So what is this talk of massive cuts all about if it’s not about the deficit? It’s already transparent to many, but it seems to be about ideology. Proponents of a smaller state have given up trying to argue for this on its merits and are instead trying to frighten people into accepting cuts. Will this work? I think not because even if the public did accept further cuts, it’s not a strategy that’s likely to create a smaller state, rather one with worse public services with the cracks being covered by expensive sticking plaster solutions.
We’re already seeing worse public services everywhere – most notably (or indeed, not ably) last week with the revelations about the Border Force.
What are we to conclude?
Simply that the smaller state envisioned by George Osborne means worse public services, households deeply mired in debt, and a national deficit no nearer to being cleared.
After the NHS, it seems the Tories want us all paying for our social security out of our own pockets. Why pay taxes, then?
In an article headlined “Workers ‘could be forced to pay £5 a week’ to get benefits“, The Independent tells us: “Workers could be forced to pay at least £5 a week into a personal “welfare account” to get higher benefits if they lose their job, under a plan being considered by George Osborne.
“The Policy Exchange think-tank proposes a shake-up of the welfare system to strengthen its original “contributory principle”, under which the amount people receive in benefits is linked to how much people have paid in.”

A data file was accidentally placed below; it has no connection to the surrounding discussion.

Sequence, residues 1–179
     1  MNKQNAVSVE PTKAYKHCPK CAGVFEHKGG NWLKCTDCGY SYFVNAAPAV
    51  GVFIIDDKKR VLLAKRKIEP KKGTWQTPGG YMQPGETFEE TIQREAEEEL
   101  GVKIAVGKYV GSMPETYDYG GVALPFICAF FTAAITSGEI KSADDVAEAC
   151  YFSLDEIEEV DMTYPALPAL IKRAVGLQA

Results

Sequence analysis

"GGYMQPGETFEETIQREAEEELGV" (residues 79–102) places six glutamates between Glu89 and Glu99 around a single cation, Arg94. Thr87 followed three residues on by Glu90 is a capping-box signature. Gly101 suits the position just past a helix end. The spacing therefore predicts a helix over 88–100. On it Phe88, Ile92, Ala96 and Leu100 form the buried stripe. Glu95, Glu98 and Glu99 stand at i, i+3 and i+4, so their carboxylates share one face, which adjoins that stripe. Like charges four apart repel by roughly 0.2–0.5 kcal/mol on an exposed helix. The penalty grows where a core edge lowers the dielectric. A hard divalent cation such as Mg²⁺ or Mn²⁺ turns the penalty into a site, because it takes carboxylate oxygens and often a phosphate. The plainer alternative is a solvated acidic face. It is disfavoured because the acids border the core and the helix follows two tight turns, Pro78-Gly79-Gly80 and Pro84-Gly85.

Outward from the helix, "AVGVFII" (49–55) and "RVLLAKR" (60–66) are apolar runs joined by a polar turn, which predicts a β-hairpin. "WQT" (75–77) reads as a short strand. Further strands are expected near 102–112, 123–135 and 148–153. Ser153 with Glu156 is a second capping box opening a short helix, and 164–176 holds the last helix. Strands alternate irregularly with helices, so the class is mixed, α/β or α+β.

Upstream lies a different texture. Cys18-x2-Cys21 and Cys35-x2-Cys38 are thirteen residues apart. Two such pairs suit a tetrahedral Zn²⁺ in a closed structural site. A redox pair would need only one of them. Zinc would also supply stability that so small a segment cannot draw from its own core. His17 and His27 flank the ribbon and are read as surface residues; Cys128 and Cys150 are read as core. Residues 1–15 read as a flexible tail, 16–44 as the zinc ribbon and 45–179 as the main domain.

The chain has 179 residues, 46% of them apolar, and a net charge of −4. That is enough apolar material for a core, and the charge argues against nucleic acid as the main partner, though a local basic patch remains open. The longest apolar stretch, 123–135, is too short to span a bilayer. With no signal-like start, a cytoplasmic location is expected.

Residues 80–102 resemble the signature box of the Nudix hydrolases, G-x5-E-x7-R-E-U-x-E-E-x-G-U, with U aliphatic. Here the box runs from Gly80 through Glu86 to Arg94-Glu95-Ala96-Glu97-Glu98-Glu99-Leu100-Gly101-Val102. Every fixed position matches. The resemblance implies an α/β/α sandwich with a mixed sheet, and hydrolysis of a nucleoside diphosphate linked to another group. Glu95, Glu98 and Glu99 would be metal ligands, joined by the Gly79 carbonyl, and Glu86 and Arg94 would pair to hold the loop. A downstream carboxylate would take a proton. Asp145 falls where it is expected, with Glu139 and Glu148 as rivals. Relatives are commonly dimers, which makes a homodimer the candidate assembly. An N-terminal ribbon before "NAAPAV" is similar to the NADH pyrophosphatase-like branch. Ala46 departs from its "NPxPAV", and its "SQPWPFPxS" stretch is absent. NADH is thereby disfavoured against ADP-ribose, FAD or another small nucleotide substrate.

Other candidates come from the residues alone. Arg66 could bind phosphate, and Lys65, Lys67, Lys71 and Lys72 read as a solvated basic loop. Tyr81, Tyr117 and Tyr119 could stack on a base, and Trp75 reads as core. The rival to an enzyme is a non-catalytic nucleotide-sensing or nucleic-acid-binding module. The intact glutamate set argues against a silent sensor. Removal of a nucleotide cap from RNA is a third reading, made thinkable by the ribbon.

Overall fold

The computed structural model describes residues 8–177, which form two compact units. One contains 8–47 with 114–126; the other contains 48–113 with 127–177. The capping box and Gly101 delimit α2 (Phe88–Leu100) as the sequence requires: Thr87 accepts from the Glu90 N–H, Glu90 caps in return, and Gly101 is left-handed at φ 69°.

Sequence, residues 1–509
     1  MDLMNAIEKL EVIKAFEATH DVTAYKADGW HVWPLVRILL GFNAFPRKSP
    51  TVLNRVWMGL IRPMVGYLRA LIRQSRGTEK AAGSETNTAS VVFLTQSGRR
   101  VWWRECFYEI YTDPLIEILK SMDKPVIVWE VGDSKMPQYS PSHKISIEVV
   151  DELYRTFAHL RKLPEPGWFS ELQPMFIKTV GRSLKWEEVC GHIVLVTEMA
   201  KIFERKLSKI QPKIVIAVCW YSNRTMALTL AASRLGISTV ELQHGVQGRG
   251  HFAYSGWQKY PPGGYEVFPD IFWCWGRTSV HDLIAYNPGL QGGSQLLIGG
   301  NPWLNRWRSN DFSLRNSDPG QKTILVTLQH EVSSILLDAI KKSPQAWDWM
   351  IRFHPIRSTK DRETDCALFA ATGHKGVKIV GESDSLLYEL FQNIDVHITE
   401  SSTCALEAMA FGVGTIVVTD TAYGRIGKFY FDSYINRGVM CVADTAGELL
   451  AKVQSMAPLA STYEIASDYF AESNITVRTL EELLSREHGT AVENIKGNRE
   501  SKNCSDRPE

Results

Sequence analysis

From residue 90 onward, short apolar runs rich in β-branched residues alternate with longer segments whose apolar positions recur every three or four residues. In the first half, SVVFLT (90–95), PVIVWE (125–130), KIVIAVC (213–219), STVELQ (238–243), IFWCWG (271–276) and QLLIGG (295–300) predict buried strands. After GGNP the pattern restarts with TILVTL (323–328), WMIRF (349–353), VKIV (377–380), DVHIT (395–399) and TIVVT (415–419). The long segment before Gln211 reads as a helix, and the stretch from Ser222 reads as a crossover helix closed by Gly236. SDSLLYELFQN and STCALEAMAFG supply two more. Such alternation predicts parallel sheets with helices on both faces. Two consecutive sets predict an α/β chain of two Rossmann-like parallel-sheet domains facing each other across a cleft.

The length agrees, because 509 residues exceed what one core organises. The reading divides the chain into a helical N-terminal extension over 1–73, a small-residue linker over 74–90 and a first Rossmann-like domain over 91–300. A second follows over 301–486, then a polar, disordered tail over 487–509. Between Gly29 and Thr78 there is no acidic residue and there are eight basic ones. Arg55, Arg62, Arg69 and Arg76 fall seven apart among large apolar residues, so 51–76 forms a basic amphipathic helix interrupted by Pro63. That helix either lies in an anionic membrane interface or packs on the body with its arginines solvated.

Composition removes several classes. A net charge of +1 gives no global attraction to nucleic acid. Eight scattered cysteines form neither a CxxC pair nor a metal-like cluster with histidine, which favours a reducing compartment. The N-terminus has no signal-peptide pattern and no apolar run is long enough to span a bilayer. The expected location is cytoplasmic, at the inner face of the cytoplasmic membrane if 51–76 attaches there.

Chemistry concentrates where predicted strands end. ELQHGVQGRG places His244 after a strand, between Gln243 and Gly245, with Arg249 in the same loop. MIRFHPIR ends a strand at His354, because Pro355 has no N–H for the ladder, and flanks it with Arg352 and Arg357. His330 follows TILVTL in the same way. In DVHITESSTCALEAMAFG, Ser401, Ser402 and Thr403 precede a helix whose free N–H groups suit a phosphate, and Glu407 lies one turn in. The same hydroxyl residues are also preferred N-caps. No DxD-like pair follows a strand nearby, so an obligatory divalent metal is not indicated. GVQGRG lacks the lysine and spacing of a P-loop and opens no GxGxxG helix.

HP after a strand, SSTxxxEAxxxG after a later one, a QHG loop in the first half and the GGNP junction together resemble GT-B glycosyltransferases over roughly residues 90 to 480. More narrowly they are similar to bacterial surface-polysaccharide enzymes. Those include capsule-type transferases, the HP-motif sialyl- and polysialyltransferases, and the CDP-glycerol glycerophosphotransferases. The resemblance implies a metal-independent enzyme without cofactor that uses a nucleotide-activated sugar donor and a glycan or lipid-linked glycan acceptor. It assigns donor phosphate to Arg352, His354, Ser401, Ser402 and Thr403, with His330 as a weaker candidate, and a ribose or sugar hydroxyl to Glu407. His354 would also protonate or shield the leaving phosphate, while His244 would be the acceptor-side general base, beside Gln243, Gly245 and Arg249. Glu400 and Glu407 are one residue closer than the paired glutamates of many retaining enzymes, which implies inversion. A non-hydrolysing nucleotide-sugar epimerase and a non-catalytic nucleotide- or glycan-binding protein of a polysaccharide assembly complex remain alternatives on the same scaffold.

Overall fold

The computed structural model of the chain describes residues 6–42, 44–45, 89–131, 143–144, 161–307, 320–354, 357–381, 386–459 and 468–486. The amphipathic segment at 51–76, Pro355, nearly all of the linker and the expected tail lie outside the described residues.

Writing in The Guardian, he told us: “As taxpayers we have a right to know how much of our taxes go towards healthcare as we enter a particularly intense debate about NHS funding.”
Can you see where this is going?
Firstly, the idea of taxing us separately for the NHS gives us the idea of paying a charge separate from Income Tax, to fund a specific public service. It is still payable by every UK citizen (although as we know, due to the increased involvement of the private sector, some UK citizens will receive the full amount of their tax payment back in shareholder dividends, and non-UK citizens will receive our tax money without having paid anything towards the service at all; this is one of the reasons it is wrong to allow the private sector into the NHS).
Then the idea of people contributing to a personalised account, on which their personal social security payments will depend (should they need to rely on them), provides the notion that the contributory principle isn’t about everybody paying into a national account that is to be accessible to all of us in need. Instead, Policy Exchange wants us to accept that some people should not have to pay into the “welfare account” for the national benefit – people who would not need to draw from it.
Rich people, in other words.
Look further, and you see that the proposed scheme would be run by private sector insurance companies. It is a plan to end public-sector social security altogether and bring in a for-profit insurance scheme to make money for more fat businessmen. This scheme would prey on poor people who are likely to need social security payments at some point in their professional careers, while rich people who could rely on their own fortunes, or Mummy and Daddy, would be relieved of the (very slight, to them) burden of contributing to the nation’s well-being.
The Policy Exchange report’s author, a former Bank of England wonk called Steve Hughes, said: “The current system does not reflect the contributions that people make through their working lives [and] has created a culture of something for nothing, with people becoming reliant on the state.”
He’s right, up to a point – but this is because successive right-wing governments have destroyed the full-employment economy we had before 1979, that made it possible for the system to reflect the contributions made by working-class people. That was the plan. Its aim was to force working-class people into exactly the kind of mass-market, for-profit insurance scheme Mr Hughes is proposing – dishonestly, in this commenter’s opinion.